Do you agree with these organizations' decisions? Is age 8 too early to start seperating boys from girls when it comes to sports teams? Why should it matter anyway - if Emma is at the same skill level as her male buddies, shouldn't she be allowed to play sports with and against them?
On Wednesday, the Illinois Health Facilities Planning Board denied Edward Hospital's plan to build a hospital in Plainfield.
When the proposal was first made, Edward CEO Pam Davis was told that her project would be approved if she agreed to use certain contractors. She refused, and the rest is history. The project was denied, denied again, and now denied a third time.
During the hearing Wednesday, an Edward official accused the board of bias, which the board vehemently refuted.
Do you think the planning board has made this personal, or is it just the wrong project at the wrong time?
Pardon us for being blunt, but this is getting ridiculous. Peoples' lives could be at stake.
You still mean to tell us, oh wise ones at the Illinois Health Facilities Planning Board, that Plainfield -- one of the fastest-growing communities in one of the fastest-growing counties in the nation -- doesn't have enough need for a hospital of its own. Right.
Try telling that to the Plainfield families caught in traffic trying to get to Naperville's Edward Hospital or one of the other full-service hospitals in Aurora or Joliet that are miles and precious minutes away.
Twice before the petition has been denied. We're sure it had nothing to do with Edward CEO Pam Davis blowing the whistle on the pay-to-play-on-steroids corruption at the IHFPB. Her defiance probably brought down Tony Rezko, after all. Nah, that couldn't have anything to do with it. What did the board say last time, out of the blue? That Edward should build a women's hospital? What the hell is that??!!!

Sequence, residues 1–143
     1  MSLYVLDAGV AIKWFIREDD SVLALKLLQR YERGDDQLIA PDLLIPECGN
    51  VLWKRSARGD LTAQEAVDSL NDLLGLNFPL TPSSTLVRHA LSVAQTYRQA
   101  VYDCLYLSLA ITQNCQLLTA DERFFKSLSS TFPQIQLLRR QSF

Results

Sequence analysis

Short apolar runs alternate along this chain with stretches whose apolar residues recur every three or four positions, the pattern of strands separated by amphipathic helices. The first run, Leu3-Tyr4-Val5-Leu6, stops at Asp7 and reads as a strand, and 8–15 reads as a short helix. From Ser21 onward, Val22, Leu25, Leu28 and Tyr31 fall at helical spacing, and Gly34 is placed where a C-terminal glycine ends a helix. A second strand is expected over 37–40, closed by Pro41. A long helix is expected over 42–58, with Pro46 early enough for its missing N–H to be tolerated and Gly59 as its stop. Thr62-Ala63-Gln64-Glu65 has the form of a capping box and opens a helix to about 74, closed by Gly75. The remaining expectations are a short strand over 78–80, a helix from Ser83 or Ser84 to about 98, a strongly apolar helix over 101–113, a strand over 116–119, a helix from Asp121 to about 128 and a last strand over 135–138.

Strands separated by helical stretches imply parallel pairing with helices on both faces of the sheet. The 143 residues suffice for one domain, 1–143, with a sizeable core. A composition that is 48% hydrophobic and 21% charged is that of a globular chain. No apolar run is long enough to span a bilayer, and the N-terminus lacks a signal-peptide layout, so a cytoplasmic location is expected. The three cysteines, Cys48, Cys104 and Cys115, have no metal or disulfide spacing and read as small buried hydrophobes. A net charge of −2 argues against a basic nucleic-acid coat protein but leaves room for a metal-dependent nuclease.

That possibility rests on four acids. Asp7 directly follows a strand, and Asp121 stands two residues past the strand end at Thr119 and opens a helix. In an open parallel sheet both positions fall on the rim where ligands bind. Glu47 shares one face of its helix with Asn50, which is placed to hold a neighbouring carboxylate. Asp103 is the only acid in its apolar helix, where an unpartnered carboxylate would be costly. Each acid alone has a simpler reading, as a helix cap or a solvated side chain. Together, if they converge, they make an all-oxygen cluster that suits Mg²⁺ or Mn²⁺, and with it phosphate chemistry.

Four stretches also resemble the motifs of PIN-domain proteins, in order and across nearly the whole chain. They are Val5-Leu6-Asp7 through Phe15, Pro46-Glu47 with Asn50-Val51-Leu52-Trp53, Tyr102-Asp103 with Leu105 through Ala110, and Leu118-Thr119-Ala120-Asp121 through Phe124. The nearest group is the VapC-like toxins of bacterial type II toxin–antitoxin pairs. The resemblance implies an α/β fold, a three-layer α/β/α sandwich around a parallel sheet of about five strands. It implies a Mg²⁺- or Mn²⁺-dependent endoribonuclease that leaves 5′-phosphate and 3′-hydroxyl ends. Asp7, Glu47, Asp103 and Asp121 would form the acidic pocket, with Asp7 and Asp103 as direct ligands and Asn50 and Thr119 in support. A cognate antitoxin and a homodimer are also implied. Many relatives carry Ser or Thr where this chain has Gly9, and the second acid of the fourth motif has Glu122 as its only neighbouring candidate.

Sorry, but we're passionate about the blatant unfairness Edward has had to endure for years. Meanwhile, the Bolingbrook hospital was approved, built and opened. A Joliet hospital's wish to move to New Lenox is granted. And other proposals sail through.
Are we right? What do you think? Will the board on Tuesday finally approve Edward Plainfield Hospital? Or will it deny it, again? Or delay action, again?
UPDATE 3:15 p.m. TUESDAY: The state board once again denied the petition for Edward Plainfield Hospital.
Sunday's Sun features a story about a woman directly impacted by the new Genetic Information Nondiscrimination Act, cosponsored by the member of Congress who represents Naperville, U.S. Rep. Judy Biggert. President Bush recently signed into law the measure, which protects people against discrimination because of genetic disposition.
In our story, a woman with a family history of breast cancer and ovarian cancer worries about being denied employment or health insurance because of her genetic predisposition. The new law will protect her and others like her.
How worried are you that you might be the subject of genetic discrimination? What concerns do you have about privacy, or other facets of the new law?
Representatives from Naperville-based Edward Hospital were in Springfield Tuesday making their case about why the Illinois Health Facilities Planning Board should approve Edward Plainfield Hospital. But regulators once again put off making a decision, this time until May or July. The latest delay angered Plainfield Mayor Jim Waldorf, who said, "The people of Plainfield feel betrayed. They want a hospital."
What do you think about the delay, whether there's a need for a hospital in Plainfield, and Edward's repeated attempts to win state approval?
Happy New Year! Now that Jan. 1 is here, we can all breathe a little easier, literally. And there's no chance that Illinois towns will rescind their disastrous smoking bans this year because 1.) the Bears are not in the playoffs and 2.) the statewide smoking ban is in effect. How will it affect you, and what do you think will happen?